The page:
Falklands medal

In 1932, the popular comedian and ukulele player George Formby released the song “Chinese Laundry Blues”

Now Mr Lu was a laundry man in a shop with an old green door,
He’ll iron all day your linen away, he really makes me sore.
He’s lost his heart to a Chinese girl and his laundry’s all gone wrong,
All day he’ll flirt and scorch your shirt, that’s why I’m singing this song,
Oh, Mr Wu, what shall I do, I’m feeling kind of Limehouse Chinese Laundry Blues!

But it was probably only a timely coincidence that Chinese laundrymen should start serving in HM ships six years later, when the Royal Navy had a large number of ships stationed in the Far East. Many were based in Wei-Hei-Wei, once a British concession in mainland China, as well as in the Crown Colony of Hong Kong. The tradition might well date back even further, to the turn of the century and the halcyon days of the China Fleet. What is certainly true, however, and to the surprise of many nearly eighty years later, is that Chinese laundrymen are still serving in naval ships.

For many years they were known as “unofficials” because, officially, they did not exist. But it is hard to imagine now how the Royal Navy could function without them. Officially, they had nowhere to sleep. Because naval architects never included berths for them, they usually slept on the deck, or in bunks unofficially rigged up in the ship’s laundry. Some have also been known to sleep on an ironing board or table. Officially, too, they were not fed. Unofficially, they bartered with the ships’ cooks for pieces of chicken, or bags of rice or vegetables.

HER MAJESTY’S CHINESE LAUNDRYMEN
These are Her Majesty’s Chinese laundrymen. They do the scrubbing and boiling, the pressing, ironing and mending that makes the Royal Navy the most immaculately turnedout of the British armed forces. Next time you watch a warship entering harbour, with her crew in starched white uniforms standing smartly to attention along the upper deck, you’ll know who has been working overtime!

The laundrymen go to war too. Many served in the Korean War, and there are ships with them on board serving in the Gulf and Mediterranean today. It is not that they want to savour the thrill of battle. On the contrary, when “Action Stations” is sounded they usually prefer to be shut in the laundry until the all-clear signal. That does not always make them safe, though. Two Chinese laundrymen were killed in the Falklands conflict. Lai Chi Keung was one of the 21 crew killed in early May 1982 when an Exocet missile hit HMS Sheffield. Kyo Ben Kuo was among the 24 casualties when HMS Coventry was bombed to the bottom of the South Atlantic. But like serving RN personnel, they are entitled to receive campaign medals for the conflicts in which their ships are involved.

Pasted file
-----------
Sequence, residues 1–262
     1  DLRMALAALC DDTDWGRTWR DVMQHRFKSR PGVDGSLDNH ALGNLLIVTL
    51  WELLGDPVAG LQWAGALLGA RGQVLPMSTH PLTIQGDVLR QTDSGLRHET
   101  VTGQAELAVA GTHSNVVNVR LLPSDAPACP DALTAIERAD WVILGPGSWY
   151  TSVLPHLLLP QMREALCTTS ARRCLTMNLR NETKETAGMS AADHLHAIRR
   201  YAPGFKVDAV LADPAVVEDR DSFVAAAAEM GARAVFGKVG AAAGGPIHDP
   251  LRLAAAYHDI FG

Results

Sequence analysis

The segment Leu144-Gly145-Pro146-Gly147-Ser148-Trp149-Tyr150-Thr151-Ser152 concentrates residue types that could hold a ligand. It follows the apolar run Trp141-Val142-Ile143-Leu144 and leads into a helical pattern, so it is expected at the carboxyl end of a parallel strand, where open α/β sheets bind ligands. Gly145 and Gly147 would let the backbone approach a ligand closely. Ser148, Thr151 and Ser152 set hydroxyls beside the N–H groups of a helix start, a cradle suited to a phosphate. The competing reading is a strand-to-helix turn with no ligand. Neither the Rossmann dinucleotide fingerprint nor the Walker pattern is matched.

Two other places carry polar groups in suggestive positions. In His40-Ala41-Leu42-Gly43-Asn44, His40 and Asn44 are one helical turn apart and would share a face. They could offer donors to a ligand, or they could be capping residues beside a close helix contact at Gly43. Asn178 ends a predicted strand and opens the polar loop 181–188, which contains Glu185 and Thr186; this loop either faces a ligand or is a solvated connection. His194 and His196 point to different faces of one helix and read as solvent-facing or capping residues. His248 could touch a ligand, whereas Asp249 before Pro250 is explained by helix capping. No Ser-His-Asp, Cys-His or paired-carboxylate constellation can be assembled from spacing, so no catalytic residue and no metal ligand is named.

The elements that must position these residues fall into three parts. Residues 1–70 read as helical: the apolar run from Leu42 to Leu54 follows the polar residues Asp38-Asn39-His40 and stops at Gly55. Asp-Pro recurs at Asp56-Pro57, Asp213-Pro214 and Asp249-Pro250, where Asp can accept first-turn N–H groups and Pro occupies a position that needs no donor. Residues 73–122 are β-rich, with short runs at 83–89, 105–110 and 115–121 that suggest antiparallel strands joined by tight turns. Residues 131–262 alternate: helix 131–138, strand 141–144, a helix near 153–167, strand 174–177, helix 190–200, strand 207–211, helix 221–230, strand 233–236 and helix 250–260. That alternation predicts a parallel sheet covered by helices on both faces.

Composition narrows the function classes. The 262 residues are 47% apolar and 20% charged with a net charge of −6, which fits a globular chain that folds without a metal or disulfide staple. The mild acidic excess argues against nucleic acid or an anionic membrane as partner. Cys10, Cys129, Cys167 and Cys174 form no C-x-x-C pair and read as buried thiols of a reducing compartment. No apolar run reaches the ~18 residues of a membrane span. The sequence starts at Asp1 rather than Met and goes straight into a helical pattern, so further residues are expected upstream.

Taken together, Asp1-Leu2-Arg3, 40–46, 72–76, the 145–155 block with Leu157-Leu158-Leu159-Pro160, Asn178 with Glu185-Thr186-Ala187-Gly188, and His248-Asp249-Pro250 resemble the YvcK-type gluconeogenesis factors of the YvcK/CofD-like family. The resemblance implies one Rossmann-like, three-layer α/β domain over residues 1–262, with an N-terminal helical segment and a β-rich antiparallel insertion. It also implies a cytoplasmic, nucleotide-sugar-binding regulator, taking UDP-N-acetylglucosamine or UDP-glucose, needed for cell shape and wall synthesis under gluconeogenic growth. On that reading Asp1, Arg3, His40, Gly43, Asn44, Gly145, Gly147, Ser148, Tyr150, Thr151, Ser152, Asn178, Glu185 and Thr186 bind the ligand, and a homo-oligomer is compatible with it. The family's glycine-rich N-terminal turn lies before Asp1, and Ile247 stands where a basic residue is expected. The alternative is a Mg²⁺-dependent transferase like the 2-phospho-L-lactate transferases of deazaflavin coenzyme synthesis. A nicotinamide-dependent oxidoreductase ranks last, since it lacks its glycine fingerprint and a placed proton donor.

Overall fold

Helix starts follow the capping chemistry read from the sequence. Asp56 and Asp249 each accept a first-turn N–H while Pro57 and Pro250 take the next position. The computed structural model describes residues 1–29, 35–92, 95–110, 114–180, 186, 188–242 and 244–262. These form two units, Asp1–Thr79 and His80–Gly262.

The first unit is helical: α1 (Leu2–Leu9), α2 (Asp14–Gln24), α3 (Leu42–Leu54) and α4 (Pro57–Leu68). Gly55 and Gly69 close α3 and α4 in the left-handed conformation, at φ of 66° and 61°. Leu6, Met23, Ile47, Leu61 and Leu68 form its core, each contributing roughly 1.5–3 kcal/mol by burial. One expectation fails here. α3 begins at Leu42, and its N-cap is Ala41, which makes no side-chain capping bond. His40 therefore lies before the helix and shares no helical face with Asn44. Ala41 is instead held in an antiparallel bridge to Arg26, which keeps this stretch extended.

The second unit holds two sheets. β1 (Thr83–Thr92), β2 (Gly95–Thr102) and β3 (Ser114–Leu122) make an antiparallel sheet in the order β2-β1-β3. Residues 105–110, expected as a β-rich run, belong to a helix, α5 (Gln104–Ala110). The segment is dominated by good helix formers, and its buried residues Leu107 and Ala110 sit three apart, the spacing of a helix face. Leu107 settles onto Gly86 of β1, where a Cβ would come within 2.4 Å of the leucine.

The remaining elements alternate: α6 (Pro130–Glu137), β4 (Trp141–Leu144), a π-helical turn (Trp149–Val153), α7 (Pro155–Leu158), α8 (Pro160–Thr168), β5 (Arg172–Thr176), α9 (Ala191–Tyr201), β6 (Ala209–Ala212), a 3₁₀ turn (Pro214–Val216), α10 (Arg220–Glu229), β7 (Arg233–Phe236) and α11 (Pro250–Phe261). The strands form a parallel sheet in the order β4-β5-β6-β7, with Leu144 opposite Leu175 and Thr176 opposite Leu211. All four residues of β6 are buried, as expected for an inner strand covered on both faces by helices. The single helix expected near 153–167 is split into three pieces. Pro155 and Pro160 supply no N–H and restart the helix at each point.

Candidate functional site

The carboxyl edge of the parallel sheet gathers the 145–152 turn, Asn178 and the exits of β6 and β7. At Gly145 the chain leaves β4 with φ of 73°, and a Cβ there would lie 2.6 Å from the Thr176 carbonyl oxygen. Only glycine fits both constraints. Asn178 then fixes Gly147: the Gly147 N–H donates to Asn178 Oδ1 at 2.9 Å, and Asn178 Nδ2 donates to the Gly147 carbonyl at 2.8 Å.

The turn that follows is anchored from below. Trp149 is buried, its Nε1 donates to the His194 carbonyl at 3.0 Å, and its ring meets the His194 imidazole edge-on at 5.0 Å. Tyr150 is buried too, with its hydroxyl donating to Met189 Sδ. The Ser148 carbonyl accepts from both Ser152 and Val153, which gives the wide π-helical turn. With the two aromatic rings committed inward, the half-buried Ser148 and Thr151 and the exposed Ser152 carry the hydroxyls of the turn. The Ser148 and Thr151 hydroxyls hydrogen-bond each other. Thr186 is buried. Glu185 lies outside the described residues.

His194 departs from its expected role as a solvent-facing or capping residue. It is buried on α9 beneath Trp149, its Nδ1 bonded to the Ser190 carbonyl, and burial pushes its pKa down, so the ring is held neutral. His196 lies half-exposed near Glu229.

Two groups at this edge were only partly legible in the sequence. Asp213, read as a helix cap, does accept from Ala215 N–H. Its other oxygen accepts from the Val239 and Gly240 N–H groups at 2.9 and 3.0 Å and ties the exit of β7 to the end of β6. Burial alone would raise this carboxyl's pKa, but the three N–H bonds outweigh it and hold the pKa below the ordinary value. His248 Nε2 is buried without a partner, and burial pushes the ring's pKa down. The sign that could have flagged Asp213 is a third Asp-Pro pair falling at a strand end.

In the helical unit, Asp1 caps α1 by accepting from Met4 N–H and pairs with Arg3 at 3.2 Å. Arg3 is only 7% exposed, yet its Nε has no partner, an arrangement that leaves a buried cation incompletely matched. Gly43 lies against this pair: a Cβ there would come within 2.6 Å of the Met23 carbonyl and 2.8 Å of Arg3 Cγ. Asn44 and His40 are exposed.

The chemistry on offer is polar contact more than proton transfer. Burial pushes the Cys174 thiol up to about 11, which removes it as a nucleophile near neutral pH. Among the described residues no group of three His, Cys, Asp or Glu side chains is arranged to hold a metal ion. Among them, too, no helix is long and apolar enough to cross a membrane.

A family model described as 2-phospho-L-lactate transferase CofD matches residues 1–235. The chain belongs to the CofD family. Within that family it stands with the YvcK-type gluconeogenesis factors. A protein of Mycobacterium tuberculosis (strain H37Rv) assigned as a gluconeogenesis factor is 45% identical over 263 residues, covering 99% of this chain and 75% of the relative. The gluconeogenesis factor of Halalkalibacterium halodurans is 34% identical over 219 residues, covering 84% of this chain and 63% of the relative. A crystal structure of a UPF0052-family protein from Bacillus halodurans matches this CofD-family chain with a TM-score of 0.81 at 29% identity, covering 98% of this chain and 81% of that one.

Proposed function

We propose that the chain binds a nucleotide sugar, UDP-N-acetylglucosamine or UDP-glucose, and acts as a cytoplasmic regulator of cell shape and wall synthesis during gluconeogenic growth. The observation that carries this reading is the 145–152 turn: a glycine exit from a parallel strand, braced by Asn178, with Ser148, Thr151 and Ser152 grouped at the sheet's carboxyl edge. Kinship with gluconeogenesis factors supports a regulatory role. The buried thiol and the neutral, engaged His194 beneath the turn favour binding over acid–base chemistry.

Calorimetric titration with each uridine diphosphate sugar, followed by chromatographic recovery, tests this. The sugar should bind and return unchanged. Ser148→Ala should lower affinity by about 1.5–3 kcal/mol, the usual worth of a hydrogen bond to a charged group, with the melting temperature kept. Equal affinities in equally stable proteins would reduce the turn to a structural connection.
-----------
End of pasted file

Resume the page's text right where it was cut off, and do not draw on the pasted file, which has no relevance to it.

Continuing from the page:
WORLD LAUNDRY SERVICES
When Hong Kong was returned to China in 1997, it was thought this could spell the end for the “unofficials”, as the majority of Chinese laundrymen traditionally have their homes there. But because of their loyalty and proven effectiveness it came as no surprise that they have now become recognised as “official” and are employees of WLS, World Laundry Services, which is a direct descendant of the old system. This firm, run by the Shao family – previously private contractors who made their own arrangements directly with ships’ captains – now provide laundrymen to all RN ships. So, whilst the arrangements have to a certain extent been formalised, and the days of freelance contractors are over, their working practices have not changed and business is thriving.

Smaller RN ships, such as frigates and destroyers, normally have two laundrymen. Bigger ships, like the amphibious assault ships HMS Albion and HMS Bulwark, with crews of 325 officers and men, and 400 Royal Marines, will probably have up to 12 laundrymen, and sometimes a Chinese tailor, affectionally called Sew-Sew, as well. It is not difficult to appreciate that providing rapid turnaround laundry services to ships’ crews, both male and female, is a profitable occupation.

Read the rest of this article with additional pictures in Sea Breezes Magazine - February 2019 Issue
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